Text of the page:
Introduction: A few years ago I wrote a Thunderbirds story entitled "Asylum". This is a direct sequel to that work and I recommend you read that story first. It can be found here: s/7574830/1/Asylum

This one's for JanetM74 who asked for it!

Summary: Scott Tracy, suffering PTSD after being tortured for the secrets of the Thunderbird aircraft, hesitantly goes on duty again, not knowing that he'll face his torturer again.

Title: Safety, sequel to Asylum

Author: Xenitha

Reviews: Oh yes! Please!

This story takes place six months after Asylum.

CHAPTER 1: Recovering

Scott Tracy's Journal:

I don't even know why I'm doing this, except that my shrink says it will help me. Anything that stops my family from giving me those looks will help. They seem to think I'll crumble in a strong wind, just because I have a few bad dreams at night.

"Yeah, well, your screaming wakes the house, Scott," Virgil said amiably, looking at the screen over my shoulder. I blanked it quickly and spun around in my desk chair, suddenly furious and ready to pound my nosy brother into the floor. I curled a fist, then opened it and let my hand drop.

Virgil watched intently. "Are you okay, Scott?" he asked gently.

"I'm fine," I muttered through gritted teeth.

Virgil just nodded. "Father wants to see you in his office," he said and left.

Father was seated behind his desk, surrounded by piles of paper and files stacked neatly on the credenza. I felt suddenly guilty at the sheer workload he'd been covering lately. I used to help him with it before…But I was getting better. And maybe I should pick up some of the slack, especially since I was on leave from International Rescue. For illness, I reminded myself. Yeah, mental illness. PTSD the doctor had called it and I was no stranger to the diagnosis. Coming home from being a POW in Bereznia, I'd suffered through a few months of it. A good doctor and some meds and, okay, sheer cussedness and I got my life back. Now, it was harder somehow.

"Scott?" Dad's voice came through the fog.

"Uh…yeah Father? Virgil said you wanted to see me," I answered, taking a seat. Keep your mind in the game, Tracy!

Father frowned, brows meeting in the center. "You've been grounded for half a year now. I want you to think like the Field Commander you are and give me a report on International Rescue Operative Scott Tracy. Is he ready to return to duty?"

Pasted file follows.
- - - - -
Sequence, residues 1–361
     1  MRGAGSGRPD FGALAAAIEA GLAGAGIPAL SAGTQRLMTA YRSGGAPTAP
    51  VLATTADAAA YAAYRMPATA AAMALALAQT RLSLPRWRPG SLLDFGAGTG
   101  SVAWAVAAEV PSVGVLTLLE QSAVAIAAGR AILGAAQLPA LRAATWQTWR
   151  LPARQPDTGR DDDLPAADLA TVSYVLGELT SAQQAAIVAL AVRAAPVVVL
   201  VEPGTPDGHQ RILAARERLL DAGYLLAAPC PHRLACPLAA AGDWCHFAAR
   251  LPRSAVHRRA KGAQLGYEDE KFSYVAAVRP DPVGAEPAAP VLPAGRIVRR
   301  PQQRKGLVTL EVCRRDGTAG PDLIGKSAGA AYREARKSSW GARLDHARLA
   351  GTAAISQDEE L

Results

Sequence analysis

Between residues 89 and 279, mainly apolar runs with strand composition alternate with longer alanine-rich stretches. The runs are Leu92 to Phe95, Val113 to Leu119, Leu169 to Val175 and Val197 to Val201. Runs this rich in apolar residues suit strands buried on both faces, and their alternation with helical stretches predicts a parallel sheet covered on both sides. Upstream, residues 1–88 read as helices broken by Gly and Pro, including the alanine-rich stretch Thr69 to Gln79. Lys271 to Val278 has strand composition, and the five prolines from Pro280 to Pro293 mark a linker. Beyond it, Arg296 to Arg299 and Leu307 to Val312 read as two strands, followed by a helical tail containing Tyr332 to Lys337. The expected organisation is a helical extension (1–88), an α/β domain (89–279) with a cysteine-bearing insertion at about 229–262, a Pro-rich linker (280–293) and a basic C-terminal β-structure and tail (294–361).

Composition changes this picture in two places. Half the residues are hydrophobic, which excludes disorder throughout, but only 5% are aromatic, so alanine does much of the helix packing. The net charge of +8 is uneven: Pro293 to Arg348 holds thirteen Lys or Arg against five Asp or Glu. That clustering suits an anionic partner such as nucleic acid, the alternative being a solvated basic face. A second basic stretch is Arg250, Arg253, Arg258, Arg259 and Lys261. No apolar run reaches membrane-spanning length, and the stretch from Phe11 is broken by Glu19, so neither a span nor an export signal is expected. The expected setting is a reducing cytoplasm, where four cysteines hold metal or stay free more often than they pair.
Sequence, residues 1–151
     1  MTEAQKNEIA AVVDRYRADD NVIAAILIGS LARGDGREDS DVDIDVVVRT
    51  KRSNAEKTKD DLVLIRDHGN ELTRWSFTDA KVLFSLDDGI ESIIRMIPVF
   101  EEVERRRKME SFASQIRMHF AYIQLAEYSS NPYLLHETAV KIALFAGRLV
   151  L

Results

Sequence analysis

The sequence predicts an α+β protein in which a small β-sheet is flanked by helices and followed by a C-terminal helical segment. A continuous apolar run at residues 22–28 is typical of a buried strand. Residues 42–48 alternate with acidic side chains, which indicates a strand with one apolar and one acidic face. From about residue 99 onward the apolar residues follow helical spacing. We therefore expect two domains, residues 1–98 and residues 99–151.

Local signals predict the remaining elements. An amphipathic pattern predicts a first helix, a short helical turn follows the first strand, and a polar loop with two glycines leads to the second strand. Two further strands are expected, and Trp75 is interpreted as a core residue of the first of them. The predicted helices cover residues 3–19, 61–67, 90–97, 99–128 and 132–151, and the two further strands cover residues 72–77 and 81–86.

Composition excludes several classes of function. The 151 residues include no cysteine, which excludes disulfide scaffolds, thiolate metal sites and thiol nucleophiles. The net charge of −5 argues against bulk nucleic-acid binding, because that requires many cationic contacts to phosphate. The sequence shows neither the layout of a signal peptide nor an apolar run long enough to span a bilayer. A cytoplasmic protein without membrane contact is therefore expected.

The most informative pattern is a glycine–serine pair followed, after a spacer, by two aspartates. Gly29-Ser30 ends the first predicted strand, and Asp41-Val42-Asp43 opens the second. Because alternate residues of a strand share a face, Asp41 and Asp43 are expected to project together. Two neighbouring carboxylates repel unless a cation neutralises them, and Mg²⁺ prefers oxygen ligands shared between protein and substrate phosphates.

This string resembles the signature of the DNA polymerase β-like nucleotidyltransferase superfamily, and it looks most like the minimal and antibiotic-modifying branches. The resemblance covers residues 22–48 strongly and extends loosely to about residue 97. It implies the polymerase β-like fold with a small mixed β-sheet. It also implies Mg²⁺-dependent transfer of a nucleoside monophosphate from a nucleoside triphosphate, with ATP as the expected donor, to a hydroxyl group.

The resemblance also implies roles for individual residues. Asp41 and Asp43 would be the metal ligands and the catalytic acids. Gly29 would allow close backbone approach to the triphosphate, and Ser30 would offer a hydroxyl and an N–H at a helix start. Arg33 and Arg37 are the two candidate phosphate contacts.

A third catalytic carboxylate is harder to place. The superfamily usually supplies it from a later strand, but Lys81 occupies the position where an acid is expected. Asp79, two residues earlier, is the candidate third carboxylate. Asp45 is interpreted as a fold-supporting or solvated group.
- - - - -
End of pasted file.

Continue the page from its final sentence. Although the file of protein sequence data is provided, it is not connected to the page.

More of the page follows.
My immediate response of "Hell, yeah!" died before I uttered it. I could never lie to the Old Man; he could always see right through me. I pondered the question, trying to treat the question as if it were an evaluation of Gordon or Alan."

I sighed. Better keep this impersonal. "The pilot is capable of handling Thunderbird 1 competently, both physically and emotionally." Yeah, I could fly TB1 in a thunderstorm drunk to the gills with one arm missing. It's the rest of it… "However, the symptoms of PTSD and post-torture syndrome continue to affect his behavior." I wasn't sure I could be trusted in the hot seat, to run a rescue. I was so afraid, so often. Hell, a good rain storm sent me running for shelter to avoid the feeling of water running down my face, and the choking sensation of drowning. Waterboarding is such a simple torture but so hard to recover from. I breathed deep through my nose, reminding myself that I was in clear air. No water around me or on me. I was safe. "I…I can't recommend his reinstatement," I finished despairingly. "His professional judgment is still affected by the…uh…incident. He's not fit for duty."

"And this is your professional assessment?" Father asked, fixing his blue eyes on mine, drilling into my soul.

"Yes sir, it is," I replied, firming my shoulders. The mission is the most important thing, I reminded myself.

Dad leaned forward. "I disagree," he said. "While Field Commander Tracy has taken some hard knocks in the line of duty, I believe that he has had a good recovery from his injuries. He is ready for duty….No, don't interrupt!" He said as I stood up. "At this point, you need to rebuild your self-confidence, Scott. You were trapped in a terrible situation where you had no control and expected to die. That leaves a mark and I understand that," he said, shaking his head sadly.

"Night terrors are more than a mark," I said. "I don't sleep, Dad! I'm not a hundred percent and…and I may never be. I could get somebody killed with one bad decision! And besides, would they trust me to lead them after all this?" In the past six months my brothers had seen me crying in despair, screaming out in terror, blowing up with rage at a careless word. I didn't seem stable. Hell, I didn't feel stable. Granted, it had been hard to watch them taking off on rescues, Alan flying my beautiful bird. Give him credit, he hadn't so much as scratched the paint job. I rubbed my nose, or at least they'd patched it without my knowing about it.

"That's not what the boys tell me," Dad said. "I've asked them. They trust you as much as they ever have and have been nagging me, wanting to know when you'll be back on duty again. And then, there's this," he handed me a paper.